IBM makes quantum computing available on IBM cloud

IBM (NYSE: IBM) is making quantum computing available to members of the public, who can access and run experiments on IBM´s quantum processor, the company said.

IBM scientists have built a quantum processor that users can access through a first-of-a-kind quantum computing platform delivered via the IBM Cloud onto any desktop or mobile device. IBM believes quantum computing is the future of computing and has the potential to solve certain problems that are impossible to solve on today´s supercomputers.

For the first time ever, IBM is making quantum computing available to the public, providing access to a quantum computing platform from any desktop or mobile device via the cloud. Users can create algorithms and run experiments on an IBM quantum processor located in this lab, learn about quantum computing through tutorials and simulations, and get inspired by the potential of a quantum computer.

The cloud-enabled quantum computing platform, called IBM Quantum Experience, will allow users to run algorithms and experiments on IBM´s quantum processor, work with the individual quantum bits (qubits), and explore tutorials and simulations of what might be possible with quantum computing.

The quantum processor is composed of five superconducting qubits and is housed at the IBM T.J. Watson Research Center in New York. The five-qubit processor represents the latest advancement in IBM´s quantum architecture that can scale to larger quantum systems. It is the leading approach towards building a universal quantum computer.

A universal quantum computer can be programmed to perform any computing task and will be exponentially faster than classical computers for a number of important applications for science and business.

A universal quantum computer does not exist today, but IBM envisions medium-sized quantum processors of 50-100 qubits to be possible in the next decade.

Quantum information is very fragile and needs to be protected from any errors that can result from heat and electromagnetic radiation. Signals are sent in and out of a cryogenic dilution refrigerator to measure operations on the quantum processor.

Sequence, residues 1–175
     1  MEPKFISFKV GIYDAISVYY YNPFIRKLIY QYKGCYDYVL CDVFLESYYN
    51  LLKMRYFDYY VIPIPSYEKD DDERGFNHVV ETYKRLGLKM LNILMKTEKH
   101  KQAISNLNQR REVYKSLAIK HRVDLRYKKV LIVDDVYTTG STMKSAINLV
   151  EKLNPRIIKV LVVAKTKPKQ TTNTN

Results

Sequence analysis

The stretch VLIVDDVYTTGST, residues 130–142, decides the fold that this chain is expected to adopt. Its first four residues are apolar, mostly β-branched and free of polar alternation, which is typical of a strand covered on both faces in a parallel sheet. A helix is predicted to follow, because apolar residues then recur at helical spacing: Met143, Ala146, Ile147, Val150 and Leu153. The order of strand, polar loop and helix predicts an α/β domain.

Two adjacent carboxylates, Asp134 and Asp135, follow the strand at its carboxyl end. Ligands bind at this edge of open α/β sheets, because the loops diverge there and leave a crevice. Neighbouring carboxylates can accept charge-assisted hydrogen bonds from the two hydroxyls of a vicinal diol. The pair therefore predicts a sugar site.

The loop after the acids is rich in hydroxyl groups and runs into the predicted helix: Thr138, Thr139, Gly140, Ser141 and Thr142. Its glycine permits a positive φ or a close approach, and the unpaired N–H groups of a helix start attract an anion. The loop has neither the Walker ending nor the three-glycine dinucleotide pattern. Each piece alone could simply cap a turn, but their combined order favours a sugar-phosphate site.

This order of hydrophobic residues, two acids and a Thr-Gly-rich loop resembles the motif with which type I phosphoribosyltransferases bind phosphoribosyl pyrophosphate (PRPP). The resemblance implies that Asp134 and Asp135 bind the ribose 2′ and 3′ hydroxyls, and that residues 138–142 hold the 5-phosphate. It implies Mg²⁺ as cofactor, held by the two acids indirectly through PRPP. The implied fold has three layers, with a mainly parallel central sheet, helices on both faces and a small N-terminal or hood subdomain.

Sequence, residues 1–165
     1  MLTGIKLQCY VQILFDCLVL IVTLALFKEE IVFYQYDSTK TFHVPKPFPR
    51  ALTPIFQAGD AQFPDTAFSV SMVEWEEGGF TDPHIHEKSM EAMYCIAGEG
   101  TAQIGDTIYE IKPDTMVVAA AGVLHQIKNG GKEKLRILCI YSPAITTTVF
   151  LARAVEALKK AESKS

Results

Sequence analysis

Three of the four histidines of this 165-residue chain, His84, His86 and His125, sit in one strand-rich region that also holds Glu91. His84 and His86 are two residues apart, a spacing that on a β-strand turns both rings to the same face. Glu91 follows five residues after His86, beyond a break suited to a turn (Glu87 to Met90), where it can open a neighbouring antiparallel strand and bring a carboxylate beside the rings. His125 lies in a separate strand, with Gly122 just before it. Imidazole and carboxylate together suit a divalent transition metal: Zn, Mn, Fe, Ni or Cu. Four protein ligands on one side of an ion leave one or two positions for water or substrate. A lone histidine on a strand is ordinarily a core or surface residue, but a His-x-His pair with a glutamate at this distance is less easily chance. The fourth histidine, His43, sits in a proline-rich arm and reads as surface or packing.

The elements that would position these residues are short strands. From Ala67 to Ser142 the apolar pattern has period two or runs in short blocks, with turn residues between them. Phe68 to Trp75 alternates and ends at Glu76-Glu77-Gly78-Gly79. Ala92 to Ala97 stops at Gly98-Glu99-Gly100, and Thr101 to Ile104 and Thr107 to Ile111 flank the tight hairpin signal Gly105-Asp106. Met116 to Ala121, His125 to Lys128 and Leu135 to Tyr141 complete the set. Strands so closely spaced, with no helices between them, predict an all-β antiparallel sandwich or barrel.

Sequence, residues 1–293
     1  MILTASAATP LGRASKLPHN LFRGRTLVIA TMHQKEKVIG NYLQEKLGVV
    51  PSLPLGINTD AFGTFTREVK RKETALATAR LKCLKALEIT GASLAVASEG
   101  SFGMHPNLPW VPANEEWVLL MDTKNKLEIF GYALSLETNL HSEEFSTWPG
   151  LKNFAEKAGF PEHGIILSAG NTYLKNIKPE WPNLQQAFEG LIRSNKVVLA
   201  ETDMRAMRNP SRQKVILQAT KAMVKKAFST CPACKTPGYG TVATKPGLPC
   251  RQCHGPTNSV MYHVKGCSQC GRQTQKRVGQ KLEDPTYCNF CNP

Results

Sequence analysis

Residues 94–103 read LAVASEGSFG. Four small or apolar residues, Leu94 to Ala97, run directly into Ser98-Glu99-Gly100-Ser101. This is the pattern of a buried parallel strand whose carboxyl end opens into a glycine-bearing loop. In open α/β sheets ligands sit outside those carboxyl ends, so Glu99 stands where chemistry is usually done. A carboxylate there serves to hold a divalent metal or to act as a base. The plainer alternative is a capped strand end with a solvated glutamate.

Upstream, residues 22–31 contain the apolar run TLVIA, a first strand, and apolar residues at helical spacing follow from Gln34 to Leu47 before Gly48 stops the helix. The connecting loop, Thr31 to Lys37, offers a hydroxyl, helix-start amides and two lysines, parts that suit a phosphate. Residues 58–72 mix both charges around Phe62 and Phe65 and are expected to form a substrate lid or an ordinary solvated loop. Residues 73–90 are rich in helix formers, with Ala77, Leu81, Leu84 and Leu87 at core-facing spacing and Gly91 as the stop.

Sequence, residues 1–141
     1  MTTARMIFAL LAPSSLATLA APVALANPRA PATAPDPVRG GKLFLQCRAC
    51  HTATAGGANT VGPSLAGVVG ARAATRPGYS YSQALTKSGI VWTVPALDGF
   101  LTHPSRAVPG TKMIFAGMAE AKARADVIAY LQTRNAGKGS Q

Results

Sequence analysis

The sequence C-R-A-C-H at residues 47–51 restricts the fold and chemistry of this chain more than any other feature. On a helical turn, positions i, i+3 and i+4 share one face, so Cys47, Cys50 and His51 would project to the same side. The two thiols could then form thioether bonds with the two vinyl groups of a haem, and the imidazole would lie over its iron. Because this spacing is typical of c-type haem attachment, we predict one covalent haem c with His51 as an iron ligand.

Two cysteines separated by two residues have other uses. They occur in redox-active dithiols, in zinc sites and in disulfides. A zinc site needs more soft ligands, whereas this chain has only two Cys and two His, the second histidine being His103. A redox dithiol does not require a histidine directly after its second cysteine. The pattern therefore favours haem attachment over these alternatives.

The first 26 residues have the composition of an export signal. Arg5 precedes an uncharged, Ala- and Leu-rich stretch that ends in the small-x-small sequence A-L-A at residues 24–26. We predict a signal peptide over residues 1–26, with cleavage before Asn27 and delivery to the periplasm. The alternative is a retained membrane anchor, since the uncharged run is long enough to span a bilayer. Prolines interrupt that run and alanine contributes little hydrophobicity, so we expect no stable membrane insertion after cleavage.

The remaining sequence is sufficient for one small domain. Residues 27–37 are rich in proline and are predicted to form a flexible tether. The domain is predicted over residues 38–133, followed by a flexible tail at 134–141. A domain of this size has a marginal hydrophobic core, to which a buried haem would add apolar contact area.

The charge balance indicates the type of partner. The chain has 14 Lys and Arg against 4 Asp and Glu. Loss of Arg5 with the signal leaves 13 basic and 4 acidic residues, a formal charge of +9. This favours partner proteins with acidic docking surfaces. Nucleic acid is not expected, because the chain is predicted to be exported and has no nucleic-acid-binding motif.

The IBM team has made a number of robust engineering advances both at the device level and in the electronic controls to give IBM Quantum Experience users unprecedented and reliably high-quality performance in this five-qubit processor.

Coupled with software expertise from the IBM Research ecosystem, the team has built a dynamic user interface on the IBM Cloud platform that allows users to easily connect to the quantum hardware via the cloud. The team sees the introduction to the public of this complete quantum computing framework as just the start of a new user community, which embraces the quantum world and how it works.

Quantum computing works fundamentally differently from today´s computers. A classical computer makes use of bits to process information, where each bit represents either a one or a zero. In contrast, a qubit can represent a one, a zero, or both at once, which is known as superposition. This property along with other quantum effects enable quantum computers to perform certain calculations vastly faster than is possible with classical computers.

Most of today´s quantum computing research in academia and industry is focused on building a universal quantum computer. The major challenges include creating qubits of high quality and packaging them together in a scalable way, so they can perform complex calculations in a controllable way.

To access the IBM Quantum Experience and for more information on IBM´s quantum computing research, visit www.ibm.com/quantumcomputing.